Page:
I liked Ojai. I had friends and dope dealers who lived in Ojai. I regularly attended the Ojai Music Festival and I once hiked into the Sespe Wilderness in the Los Padres National Forest for a mescaline-fueled adventure. I also visited Krotona for occasional lectures and events. The Theosophical Society was founded by Madame H.P. Blavatsky, considered an occult philosopher or a charlatan depending on one’s point of view. Theosophy is a wacky set of ideas, based on the teachings of Blavatsky, who believed in Atlantis and Lemuria, and who claimed to have discovered a secret, universal esoteric core of wisdom to all of humanity’s major and minor religions. In turn, Theosophy styles itself a synthesis of religion, philosophy, science and metaphysics. Theosophy was mystical, New Agey horseshit before mystical, New Agey horseshit existed. In the case of Ojai as a spiritual center, this horseshit was footnoted by conjuring up a sacred geography of Ley lines, vortices, the world grid of powerful energy meridians organized in a symmetrical pattern across the planet, even the big dragon and other mystical animals supposedly traced by Xuan Kong Feng Shui along the California coast from Point Conception to the Ventura headlands.

My Ventura days were my first experience with the confluence of eco-friendly artisanal localism, hippie counterculturism, and New Age spirituality that I call boutique capitalism. I ran into another scenic artsy-craftsy town similar to Ojai when I moved to Northern California and visited Carmel-by-the-Sea. Similar picturesque touristy enclaves exist in Taos, Marfa, Sitka, Beaufort, Galena, Edgartown, Stowe and St. Augustine. They all proclaim themselves ecologically-minded, artist-friendly, local-centric communities that try so hard at being unique they’ve become an alternate cookie-cutter mold for what’s oh-so-precious.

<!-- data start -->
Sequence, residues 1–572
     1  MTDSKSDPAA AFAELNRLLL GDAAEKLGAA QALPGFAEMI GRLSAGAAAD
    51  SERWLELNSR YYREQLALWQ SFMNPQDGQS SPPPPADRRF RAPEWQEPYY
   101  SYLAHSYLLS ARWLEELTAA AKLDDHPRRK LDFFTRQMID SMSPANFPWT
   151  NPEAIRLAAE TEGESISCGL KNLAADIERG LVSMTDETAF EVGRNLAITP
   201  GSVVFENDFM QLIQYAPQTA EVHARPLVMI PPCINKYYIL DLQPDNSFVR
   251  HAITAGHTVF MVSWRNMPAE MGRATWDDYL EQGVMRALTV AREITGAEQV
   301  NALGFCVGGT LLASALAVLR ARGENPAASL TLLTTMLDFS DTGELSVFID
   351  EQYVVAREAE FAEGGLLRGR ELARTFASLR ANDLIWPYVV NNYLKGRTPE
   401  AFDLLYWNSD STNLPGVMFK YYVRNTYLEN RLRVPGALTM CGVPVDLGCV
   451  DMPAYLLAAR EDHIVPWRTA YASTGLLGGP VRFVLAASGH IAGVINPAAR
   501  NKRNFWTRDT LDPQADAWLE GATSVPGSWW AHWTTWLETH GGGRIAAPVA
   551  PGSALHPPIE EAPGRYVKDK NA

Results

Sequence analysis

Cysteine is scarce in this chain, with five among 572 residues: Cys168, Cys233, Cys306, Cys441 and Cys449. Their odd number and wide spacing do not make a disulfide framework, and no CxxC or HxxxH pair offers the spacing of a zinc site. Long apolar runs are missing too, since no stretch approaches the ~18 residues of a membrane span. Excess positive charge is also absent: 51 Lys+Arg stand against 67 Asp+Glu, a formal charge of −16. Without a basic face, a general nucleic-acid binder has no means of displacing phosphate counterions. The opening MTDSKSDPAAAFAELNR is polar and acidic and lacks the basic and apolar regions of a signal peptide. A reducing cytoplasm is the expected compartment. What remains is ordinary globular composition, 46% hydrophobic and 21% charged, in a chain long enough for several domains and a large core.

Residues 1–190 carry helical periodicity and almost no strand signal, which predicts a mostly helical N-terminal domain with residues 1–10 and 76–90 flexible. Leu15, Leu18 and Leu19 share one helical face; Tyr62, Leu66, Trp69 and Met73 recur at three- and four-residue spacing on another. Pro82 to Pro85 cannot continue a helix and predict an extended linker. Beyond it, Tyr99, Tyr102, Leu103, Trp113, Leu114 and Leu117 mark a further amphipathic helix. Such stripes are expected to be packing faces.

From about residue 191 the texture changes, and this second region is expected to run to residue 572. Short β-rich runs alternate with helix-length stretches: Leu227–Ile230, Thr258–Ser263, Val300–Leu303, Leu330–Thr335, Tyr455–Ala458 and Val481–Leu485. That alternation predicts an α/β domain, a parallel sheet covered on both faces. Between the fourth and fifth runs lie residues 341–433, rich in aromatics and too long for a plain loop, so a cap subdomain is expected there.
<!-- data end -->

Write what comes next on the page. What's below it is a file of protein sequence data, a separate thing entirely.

I’ve had a love-hate relationship with the ’60s counterculture I belonged to, in part because the hippie milieu was riven with contradictions. Communitarian and communalist sentiments warred with an individualism reminiscent of the Wild West, with communes intent on going back to the land populated by people wearing buckskins and preaching “do your own thing.” Decentralized organic food coops gave rise to global corporations like Whole Foods while the back-to-the-land/environmental/wilderness movements produced private companies like Patagonia. Stewart Brand started the Whole Earth Catalog, the quintessential resource for back-to-the-land communal living, before endorsing a high-tech libertarian capitalism that has become the foundation of Silicon Valley. When John Lichfield argued that the rebellious youth of the ’60s “had lost politically but they had won culturally and maybe even spiritually,” it’s actually the rightwing libertarian currents that triumphed.

Finally, the New Age spiritualism I thoroughly despise was also a contradictory phenomenon. There were the guru/disciple communalist cults but there’s also an overpowering emphasis on the spiritual authority of the self, an “unmediated individualism” that sees the individual’s experiences as the primary source of spiritual authority. This is all wrapped in a vision of cyclical time that emphasizes discrete recurring historical ages, with our current age a time of spiritual decline and degeneracy. Such a belief is descended from the parafascist Traditionalism of René Guénon and Julius Evola that was cousin to Blavatsky’s Theosophy. In turn, the New Age has produced new gospels of prosperity and such oxymorons as “spiritual capitalism” and “conscious capitalism.”